This study investigates the amount of time devoted to instruction in Chicago elementary schools on a day-to-day basis and across the school year. To begin, the report illustrates how insufficient and unbalanced allocations of instructional and non-instructional time make it unrealistic to achieve the 300 minutes of daily instruction mandated by the state. Instead, the school day typically delivers less than 240 minutes of total instruction each day. A second analysis illustrates losses in annual learning time as a result of disruptive start-up routines, special programs and events, holiday slow downs, test preparation periods, and a steep drop in academic work during the last six weeks of the school year. For teachers and students alike, the result is a paucity of sustained instructional time.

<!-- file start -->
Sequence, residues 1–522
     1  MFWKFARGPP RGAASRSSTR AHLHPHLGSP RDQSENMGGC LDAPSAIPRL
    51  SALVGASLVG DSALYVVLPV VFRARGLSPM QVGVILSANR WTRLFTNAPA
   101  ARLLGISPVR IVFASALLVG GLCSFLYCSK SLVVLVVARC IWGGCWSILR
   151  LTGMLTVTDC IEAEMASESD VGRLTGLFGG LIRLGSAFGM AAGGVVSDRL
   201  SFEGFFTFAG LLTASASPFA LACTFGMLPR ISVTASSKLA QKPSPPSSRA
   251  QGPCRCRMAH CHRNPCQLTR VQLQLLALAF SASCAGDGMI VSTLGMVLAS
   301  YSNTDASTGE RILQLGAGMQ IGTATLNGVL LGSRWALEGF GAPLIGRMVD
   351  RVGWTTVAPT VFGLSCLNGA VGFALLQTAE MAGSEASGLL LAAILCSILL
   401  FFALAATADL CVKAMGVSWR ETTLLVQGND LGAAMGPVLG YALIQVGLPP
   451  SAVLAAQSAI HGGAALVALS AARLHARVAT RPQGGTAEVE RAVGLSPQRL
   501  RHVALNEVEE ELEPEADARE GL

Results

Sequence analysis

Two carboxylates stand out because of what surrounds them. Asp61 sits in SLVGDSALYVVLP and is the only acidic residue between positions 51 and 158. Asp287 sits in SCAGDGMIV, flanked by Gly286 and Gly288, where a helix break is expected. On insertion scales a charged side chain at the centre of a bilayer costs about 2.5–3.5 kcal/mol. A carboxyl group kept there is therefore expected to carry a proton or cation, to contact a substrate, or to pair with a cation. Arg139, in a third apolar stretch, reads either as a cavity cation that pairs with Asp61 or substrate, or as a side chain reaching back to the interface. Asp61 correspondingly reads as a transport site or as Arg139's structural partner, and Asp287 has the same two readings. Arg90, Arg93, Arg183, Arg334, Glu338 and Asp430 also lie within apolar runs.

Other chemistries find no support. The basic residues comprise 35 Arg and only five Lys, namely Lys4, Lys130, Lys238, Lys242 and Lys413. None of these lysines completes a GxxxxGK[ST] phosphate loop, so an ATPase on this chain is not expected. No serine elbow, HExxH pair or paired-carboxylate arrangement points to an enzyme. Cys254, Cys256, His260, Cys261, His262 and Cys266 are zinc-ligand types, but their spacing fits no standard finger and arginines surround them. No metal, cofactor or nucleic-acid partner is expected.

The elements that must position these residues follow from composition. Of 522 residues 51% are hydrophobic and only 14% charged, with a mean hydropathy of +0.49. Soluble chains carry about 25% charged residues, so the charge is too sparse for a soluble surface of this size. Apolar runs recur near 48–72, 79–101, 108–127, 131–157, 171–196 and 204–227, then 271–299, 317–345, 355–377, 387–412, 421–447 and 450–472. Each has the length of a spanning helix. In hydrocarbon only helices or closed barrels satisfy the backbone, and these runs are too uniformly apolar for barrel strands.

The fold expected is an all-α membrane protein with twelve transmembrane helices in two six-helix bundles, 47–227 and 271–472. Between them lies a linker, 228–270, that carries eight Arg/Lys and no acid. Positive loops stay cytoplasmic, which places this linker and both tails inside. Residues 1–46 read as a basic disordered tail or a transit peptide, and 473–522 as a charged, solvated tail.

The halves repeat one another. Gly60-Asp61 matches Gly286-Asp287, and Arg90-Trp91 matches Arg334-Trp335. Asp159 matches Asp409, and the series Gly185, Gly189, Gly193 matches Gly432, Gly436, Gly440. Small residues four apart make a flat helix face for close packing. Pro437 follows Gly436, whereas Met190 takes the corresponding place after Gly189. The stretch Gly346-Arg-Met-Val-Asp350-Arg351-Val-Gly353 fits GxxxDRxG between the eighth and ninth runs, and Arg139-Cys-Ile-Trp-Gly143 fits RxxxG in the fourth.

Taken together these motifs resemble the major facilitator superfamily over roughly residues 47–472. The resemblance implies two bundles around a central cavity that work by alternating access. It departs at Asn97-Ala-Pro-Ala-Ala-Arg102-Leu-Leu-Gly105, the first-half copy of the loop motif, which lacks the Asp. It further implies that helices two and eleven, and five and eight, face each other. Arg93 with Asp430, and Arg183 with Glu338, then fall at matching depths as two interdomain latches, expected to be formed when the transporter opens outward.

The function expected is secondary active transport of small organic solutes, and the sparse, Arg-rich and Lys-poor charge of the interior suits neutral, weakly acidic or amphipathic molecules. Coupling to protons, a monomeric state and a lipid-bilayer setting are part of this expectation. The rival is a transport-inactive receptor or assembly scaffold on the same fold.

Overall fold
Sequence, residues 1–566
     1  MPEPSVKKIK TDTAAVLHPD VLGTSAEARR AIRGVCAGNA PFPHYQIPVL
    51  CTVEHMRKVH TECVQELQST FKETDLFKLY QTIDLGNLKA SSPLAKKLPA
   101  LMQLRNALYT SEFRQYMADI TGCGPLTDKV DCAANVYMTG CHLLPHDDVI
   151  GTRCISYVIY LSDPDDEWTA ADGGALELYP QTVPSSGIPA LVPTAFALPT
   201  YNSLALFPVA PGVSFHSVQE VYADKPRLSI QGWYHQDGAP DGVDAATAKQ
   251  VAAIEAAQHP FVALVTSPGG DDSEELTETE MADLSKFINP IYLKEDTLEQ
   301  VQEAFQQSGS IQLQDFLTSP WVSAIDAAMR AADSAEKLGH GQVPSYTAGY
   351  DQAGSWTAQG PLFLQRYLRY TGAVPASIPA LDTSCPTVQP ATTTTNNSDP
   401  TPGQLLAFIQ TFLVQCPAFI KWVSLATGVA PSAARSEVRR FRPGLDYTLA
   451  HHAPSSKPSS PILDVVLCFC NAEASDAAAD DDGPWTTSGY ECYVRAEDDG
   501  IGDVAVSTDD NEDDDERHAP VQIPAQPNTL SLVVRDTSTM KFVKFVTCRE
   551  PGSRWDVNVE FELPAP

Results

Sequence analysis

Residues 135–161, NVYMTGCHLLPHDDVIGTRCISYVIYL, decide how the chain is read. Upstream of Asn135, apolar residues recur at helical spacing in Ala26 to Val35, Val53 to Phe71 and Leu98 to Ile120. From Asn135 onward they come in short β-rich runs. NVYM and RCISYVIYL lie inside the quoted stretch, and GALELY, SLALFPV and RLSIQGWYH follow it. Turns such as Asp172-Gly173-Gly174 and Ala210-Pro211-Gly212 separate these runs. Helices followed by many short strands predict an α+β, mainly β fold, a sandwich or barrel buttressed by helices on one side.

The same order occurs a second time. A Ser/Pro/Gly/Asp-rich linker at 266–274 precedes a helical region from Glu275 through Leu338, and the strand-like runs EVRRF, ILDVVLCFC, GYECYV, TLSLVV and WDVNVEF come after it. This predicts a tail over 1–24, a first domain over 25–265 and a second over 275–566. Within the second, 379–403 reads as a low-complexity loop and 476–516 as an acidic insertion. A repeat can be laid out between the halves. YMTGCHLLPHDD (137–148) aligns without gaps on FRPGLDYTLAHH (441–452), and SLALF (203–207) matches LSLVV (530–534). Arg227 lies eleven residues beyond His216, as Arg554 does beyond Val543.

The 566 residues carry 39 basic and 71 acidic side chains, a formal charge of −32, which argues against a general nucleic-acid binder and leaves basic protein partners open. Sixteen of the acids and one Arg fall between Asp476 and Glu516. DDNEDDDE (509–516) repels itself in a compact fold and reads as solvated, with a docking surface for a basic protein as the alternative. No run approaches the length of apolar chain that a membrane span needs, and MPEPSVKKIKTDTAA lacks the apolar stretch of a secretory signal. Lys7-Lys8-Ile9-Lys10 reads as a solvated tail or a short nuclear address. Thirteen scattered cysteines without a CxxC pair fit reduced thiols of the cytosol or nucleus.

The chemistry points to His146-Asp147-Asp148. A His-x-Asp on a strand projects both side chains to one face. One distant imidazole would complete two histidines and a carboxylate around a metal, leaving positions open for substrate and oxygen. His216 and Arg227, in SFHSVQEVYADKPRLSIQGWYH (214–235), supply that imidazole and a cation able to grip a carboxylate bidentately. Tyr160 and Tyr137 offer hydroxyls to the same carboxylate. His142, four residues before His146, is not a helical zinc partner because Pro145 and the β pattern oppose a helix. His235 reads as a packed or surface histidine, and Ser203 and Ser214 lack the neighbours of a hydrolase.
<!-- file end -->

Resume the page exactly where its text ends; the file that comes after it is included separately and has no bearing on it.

This study suggests that numerous policy changes at all levels of the system are necessary to change the management of schools, the structure and length of the school day, and the timing of key annual events. Key recommendations are changes in the school day and the work schedule of teachers, a greater focus on developing teachers' professional community as a response to management problems, and a rethinking of the timing and coordination of the state and district testing programs.